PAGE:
Miguel seemed satisfied that I was what I said I was, explained that he was helping the woman at the desk, and asked if I could return in 15 minutes. Jorge and I returned to the hotel to find it open, the front desk manned by the proprietor’s teenage daughter, who also spoke very good English. I thanked Jorge for his help, checked myself into a room, and 15 minutes later was back in Miguel’s front hall/office/heavy-metal shrine.
All About Miguel
Miguel Lara was born in Juchipila. In 1959 at age 9, his family emigrated to the U.S. Miguel quickly mastered English, did well in school, and built himself a typical middle-class American life, working for Teradyne for 18 years. Sometime in the last few years, he had returned to his hometown with his two Mexican-American teenage sons, Miguel Jr. and Jose, the teenager who had greeted Jorge and me at the door. Both sons were university students in Guadalajara, and Jose, who was majoring in biology, was home on break.
Miguel Jr. and Jose are both bilingual and hold dual citizenship, but it was apparent that Jose was a bit more comfortable with Spanish. Miguel Sr. actively encourages both sons to maintain and improve their English. While at school, all email correspondence with their father is in English, which Miguel Sr. diligently checks and corrects.
Miguel supported himself in part by teaching science and English at the local high school. He asked where I was staying, and when I told him, asked if the proprietor’s daughter had checked me in, describing her age and appearance. When I indicated that yes, it was she who’d checked me in, Miguel said, “Yes. She’s in my class. I’m going to flunk her.” I objected that I’d found her English pretty impressive, but Miguel was un-moved. “She’s lazy, never studies worth a damn.”
Neither Miguel Sr. nor Jose volunteered any information concerning a mother or Miguel’s marital status, and during the first hour or so we were together I didn’t ask.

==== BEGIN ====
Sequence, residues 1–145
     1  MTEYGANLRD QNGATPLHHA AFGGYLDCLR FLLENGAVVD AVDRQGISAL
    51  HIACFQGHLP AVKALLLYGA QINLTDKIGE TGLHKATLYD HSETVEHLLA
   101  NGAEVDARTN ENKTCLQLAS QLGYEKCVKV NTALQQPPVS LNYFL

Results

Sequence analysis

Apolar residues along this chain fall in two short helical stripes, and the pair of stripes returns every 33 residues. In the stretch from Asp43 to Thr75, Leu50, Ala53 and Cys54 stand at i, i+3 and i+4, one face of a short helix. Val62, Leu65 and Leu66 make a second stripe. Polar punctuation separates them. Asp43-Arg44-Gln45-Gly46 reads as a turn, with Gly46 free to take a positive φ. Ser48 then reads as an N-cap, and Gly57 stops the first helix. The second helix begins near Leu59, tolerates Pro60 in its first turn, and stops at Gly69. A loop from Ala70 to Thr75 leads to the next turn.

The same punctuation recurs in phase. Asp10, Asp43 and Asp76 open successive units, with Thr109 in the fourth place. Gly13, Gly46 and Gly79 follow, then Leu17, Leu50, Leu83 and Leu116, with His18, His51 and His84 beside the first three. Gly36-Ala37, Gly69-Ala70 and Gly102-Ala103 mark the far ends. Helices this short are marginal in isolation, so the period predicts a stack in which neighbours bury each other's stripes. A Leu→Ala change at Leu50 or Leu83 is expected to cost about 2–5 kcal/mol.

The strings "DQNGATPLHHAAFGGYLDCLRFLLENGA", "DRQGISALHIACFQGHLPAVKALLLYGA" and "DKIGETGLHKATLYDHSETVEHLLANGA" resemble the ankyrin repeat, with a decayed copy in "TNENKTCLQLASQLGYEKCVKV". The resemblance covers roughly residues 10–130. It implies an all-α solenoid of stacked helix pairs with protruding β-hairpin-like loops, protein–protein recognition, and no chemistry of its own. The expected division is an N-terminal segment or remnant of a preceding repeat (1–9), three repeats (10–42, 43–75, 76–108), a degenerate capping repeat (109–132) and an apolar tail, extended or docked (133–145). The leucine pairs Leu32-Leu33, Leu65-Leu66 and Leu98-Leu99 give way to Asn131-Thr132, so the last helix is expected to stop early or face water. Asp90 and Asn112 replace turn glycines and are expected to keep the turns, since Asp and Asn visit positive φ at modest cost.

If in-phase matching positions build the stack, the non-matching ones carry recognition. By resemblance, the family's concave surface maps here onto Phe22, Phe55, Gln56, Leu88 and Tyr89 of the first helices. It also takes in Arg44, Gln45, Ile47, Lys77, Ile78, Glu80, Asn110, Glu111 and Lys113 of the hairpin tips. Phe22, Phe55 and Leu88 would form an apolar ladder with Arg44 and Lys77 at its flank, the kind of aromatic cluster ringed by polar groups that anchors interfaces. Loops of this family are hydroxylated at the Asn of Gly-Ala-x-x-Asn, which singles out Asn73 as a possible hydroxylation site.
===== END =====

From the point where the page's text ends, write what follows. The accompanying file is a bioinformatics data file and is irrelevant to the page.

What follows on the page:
Miguel, Jose and I sat together as I explained my interest in and research on the Martinez Piñon. Miguel had never heard of Ledig nor his bottleneck theory, but he was well-informed about the tree and its history. He claimed that the tree had been known to Spanish explorers and settlers long before Rzedwoski, at least as far back as the mid-16th century. He referred to mountain on which it grows always as “Cerro Alto Piñones”, never just “Cerro Piñones”. According to Miguel, the land was divided up by 11 separate private landowners, of which he was one. Over time, Miguel and several other landowners had worked diligently to ban cattle grazing and improved seedling regeneration, but conflicts still existed with some cattle-owning landowners, as well as adjacent landowners who allowed their cattle to wander onto Cerro Piñones. Miguel and the other “tree-conscious” landowners were actively working with the Mexican government, receiving limited grant funds for their efforts at conservation and regeneration.
While discussing the topography of Cerro Piñones, I pulled out my copy of Lopez-Mata’s map. Miguel glanced at it briefly and quickly pronounced it inaccurate, pointing to a swath on the North slope of the mesa where the map indicated Martinez Piñon, and remarking that none of the trees grew that far North.